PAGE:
Raipur stadium owes Rs 3.16 cr in electricity bills; spent Rs 1.44 cr on generators for India vs Australia T20
Despite the outstanding dues, the India vs Australia T20 clash in Raipur remained unaffected with the Chhattisgarh State Cricket Sangh (CSCS) secured a temporary connection from the Chhattisgarh State Power Distribution Company Limited (CSPDCL) as needed.
The Shaheed Veer Narayan Singh International Cricket Stadium in Nava Raipur which hosted the fourth T20 match between India and Australia on Friday operates without a regular electricity connection due to unpaid state government bills exceeding Rs 3 crore over several years. Despite the outstanding dues, the match proceedings remained unaffected with the Chhattisgarh State Cricket Sangh (CSCS) secured a temporary connection from the Chhattisgarh State Power Distribution Company Limited (CSPDCL) as needed.
"Power connection was provided to the stadium in 2010 on the application of the stadium construction committee. By 2018, outstanding bills had reached Rs 3.16 crore, following which the supply was disconnected," said Ashok Khandelwal, superintending engineer (Raipur circle), CSPDCL.
"Later, the stadium authority applied for a temporary connection of 200 kVA which was provided keeping in view security concerns as people visit it to watch matches," he added.
In preparation for Friday's match, the Chhattisgarh State Cricket Sangh secured a temporary connection and made a deposit of Rs 10 lakh with the company, as mentioned by the official.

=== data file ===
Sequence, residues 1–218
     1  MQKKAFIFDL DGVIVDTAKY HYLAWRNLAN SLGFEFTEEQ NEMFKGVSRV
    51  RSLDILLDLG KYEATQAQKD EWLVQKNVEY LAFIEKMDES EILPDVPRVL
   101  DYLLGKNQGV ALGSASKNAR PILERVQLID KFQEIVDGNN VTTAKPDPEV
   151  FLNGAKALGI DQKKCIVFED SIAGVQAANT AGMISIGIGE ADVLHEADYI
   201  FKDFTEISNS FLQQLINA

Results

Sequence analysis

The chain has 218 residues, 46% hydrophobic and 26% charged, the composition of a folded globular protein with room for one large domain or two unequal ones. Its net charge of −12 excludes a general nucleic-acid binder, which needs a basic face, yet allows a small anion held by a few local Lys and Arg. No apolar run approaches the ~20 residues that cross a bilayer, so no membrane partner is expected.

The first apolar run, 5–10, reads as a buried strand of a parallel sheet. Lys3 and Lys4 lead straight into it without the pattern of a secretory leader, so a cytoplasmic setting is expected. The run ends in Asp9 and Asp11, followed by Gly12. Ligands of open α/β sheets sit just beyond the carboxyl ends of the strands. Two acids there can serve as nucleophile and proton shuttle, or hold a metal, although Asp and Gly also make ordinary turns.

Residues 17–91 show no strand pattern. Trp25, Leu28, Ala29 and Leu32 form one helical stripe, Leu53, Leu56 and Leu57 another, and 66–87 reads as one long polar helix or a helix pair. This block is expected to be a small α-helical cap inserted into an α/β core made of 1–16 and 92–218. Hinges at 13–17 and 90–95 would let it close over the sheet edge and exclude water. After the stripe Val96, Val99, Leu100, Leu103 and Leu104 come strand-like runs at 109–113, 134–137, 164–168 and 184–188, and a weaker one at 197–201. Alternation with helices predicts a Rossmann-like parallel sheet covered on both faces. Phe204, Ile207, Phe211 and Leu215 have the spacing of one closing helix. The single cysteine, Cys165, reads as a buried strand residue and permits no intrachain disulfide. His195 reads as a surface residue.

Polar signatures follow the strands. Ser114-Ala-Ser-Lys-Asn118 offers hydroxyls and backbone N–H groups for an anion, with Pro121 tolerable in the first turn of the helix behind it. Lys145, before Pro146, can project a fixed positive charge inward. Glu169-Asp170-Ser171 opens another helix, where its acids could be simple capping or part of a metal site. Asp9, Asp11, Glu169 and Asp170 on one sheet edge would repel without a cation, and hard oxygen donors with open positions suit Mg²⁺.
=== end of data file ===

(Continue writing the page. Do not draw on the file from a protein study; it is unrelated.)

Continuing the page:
"We have served notices to the state Sports and Youth Welfare Department for the recovery of dues. The department had earlier cited lack of budgetary provision. Recently it has assured that all the pending bills will be paid," said Khandelwal.
The president of CSCS, Jubin Shah, clarified that the cricket association does not possess ownership of the stadium.
"It is owned by the state government and managed by the Sports and Youth Welfare Department and Public Works Department. The association does not have any outstanding electricity bills to pay for the stadium," he said.
"Apart from the temporary power connection, we have our own external power sources. Earlier too matches were held there in the same way," Shah added.
Generators fuel the floodlights in the stadium to prevent interruptions. In case of a power supply disruption, restarting the lights requires half an hour, according to him.
According to a report in TOI, to host a match under floodlights, a power connection of 1000 kilowatts is required. Significantly, ensuring stadium-wide lighting and air conditioning necessitates a minimum connection of 435 kilowatts. However, for floodlights, an electricity requirement of 600 kilowatts led the CSCS to invest in generators, incurring a cost of approximately Rs 1.44 crore.